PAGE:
Article from the series: Staying Safe and Healthy in Rwanda, Uganda and DR Congo
Wish to stay healthy while travelling in Uganda or Rwanda? As well as obvious advice such as being careful not to upset a silverback, simple measures can make all the difference to your visit. As we say in the profession, prevention is always better than cure.
Instead of giving you a long list of rather unlikely health complications, we will zero down on what matters most! This article has been written with the assistance of Dr Rogers Musafiri in Kigali, Rwanda.
1. Keep Mosquito Ladies at Bay
Sleeping under an insecticide-impregnated bed net, and regular use of insect repellent — especially in the evenings — will significantly reduce the risk of malaria. You have definitely heard of this mosquito-transmitted disease which is particularly risky for tourists who do not have the same immunity that local populations may have developed. The core of the Gorilla Highlands region lies at rather high altitudes, and you may read that there is no threat of malaria above 2,000m/6,500ft but don’t rely on that. Global warming means that malaria is spreading into previously untouched areas.
Nearly every hospitality establishment in the Gorilla Highlands will have mosquito nets installed, but cheaper places may stock old ones that have not been recently treated. If you see a mosquito resting on a net, that is a poignant indication of such a situation.
But you shouldn’t imagine swarms of mosquitoes, we don’t get much of that here! The problem are the females of the tiny Anopheles mosquito kind who prefer to fly low so your ankles are in far more danger than your shoulders.
Anti-malarial prophylaxis (medicine taken to prevent the disease) is valuable for short trips. You should consult your home travel clinic or doctor for advice on the most appropriate regime, not only according to where you are travelling but also any other treatments you may be taking.
2. Protect Yourself in Traffic
Surprised to see this as the second health point? Road traffic accidents are sadly all too common here.
In Rwanda, several control measures, for example speed governors in public transport, have significantly reduced the number of accidents. In 2019, 223 people died on the road in a population estimated at 12.63 million, compared to 465 in 2018. In Uganda, there were 3,663 deaths on the road in 2020 in a nation of about 45.74 million. To run the numbers for you, Rwanda’s percentage is 4.5 times less and close to the world average.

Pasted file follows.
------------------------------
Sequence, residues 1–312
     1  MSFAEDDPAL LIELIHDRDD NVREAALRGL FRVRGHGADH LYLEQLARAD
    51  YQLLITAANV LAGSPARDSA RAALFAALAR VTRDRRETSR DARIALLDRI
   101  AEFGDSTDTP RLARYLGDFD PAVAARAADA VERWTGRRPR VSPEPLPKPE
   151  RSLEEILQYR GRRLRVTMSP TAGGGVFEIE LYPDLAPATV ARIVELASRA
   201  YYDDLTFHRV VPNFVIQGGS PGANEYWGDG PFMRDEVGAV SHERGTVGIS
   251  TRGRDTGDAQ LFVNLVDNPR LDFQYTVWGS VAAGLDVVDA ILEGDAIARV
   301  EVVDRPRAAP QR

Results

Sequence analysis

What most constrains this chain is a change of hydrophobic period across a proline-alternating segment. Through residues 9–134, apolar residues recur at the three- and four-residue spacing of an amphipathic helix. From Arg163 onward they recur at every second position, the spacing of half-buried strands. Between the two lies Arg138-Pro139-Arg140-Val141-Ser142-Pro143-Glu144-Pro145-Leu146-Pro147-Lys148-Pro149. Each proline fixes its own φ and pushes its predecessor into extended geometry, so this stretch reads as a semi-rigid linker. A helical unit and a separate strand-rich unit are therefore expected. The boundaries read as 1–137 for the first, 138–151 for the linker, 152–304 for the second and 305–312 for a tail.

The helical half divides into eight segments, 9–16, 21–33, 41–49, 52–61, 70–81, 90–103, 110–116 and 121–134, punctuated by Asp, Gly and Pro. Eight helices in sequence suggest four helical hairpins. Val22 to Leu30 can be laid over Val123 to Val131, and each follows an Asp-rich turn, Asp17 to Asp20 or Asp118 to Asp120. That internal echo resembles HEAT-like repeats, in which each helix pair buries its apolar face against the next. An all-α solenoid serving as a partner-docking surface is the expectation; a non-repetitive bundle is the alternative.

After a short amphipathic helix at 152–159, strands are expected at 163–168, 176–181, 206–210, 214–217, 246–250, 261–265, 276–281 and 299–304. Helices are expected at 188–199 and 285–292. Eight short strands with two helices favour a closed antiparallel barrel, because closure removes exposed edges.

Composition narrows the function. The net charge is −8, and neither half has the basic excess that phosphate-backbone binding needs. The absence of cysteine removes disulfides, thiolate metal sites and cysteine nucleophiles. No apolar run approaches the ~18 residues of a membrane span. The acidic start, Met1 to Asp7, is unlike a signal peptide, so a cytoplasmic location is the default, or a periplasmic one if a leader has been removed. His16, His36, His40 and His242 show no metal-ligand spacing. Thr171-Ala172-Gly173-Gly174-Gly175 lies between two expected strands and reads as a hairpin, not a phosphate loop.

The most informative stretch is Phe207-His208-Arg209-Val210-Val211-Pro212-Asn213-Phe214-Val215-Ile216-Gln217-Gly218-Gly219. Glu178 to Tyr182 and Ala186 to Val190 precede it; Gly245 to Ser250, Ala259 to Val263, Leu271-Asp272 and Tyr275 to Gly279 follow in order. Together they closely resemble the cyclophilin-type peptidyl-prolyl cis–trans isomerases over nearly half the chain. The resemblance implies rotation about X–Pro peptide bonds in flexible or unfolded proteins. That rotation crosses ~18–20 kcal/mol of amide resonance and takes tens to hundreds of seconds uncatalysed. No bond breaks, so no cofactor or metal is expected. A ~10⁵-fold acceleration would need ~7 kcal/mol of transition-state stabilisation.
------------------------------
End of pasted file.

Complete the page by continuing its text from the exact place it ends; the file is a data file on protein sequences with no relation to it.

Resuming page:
We previously covered the danger of passenger motorcycles, and a crash helmet is obviously recommended to greatly reduce potential injuries. Moto drivers in Rwanda will provide you with a helmet, but that is not the case with boda boda drivers in Uganda, unless the police are exceptionally vigilant at a particular moment and eager to implement traffic regulations (or get bribed).
The usefulness of safety belts is probably abundantly clear to you? In addition to that, avoid travelling in overloaded or poorly maintained vehicles, and discreetly check out your driver’s breath and eyes. Alcohol and other substances may impair their performance significantly …
3. Mind the Water, and Fridges
Do ensure that all the water you drink is safe (this includes ice cubes). Bottled water that you can purchase pretty much anywhere can be trusted, while water from other sources will need to be boiled or properly filtered. This may not apply to very remote locations like streams in national parks, but even there, park rangers will advise you not to take risks. It’s up to you.
Remember salads may have been washed in contaminated water and could be tainted too! Electricity supplies in Uganda are unstable, and power goes off in Rwanda as well, so frozen items can inadvertently thaw. Consequently, frozen goods could be adversely affected and not safe if they re-freeze, e.g. ice cream.
Still, do not run away from all the pleasures of life! At places that often cater to tourists, they certainly know how to keep you away from microbes.
4. Do Not Ignore Sexually Transmitted Diseases
Once a mass-killer called slim, HIV/Aids may now be successfully suppressed with a combination of medicines. Combine that with a prevalence of 6-7% among Ugandans aged 15-64 years and 3% among Rwandans, and you will understand why the general attitude has become rather lax. Don’t take any risks that may give you a lifelong problem, or expose you to other STDs (as sexually-transmitted diseases are widely called).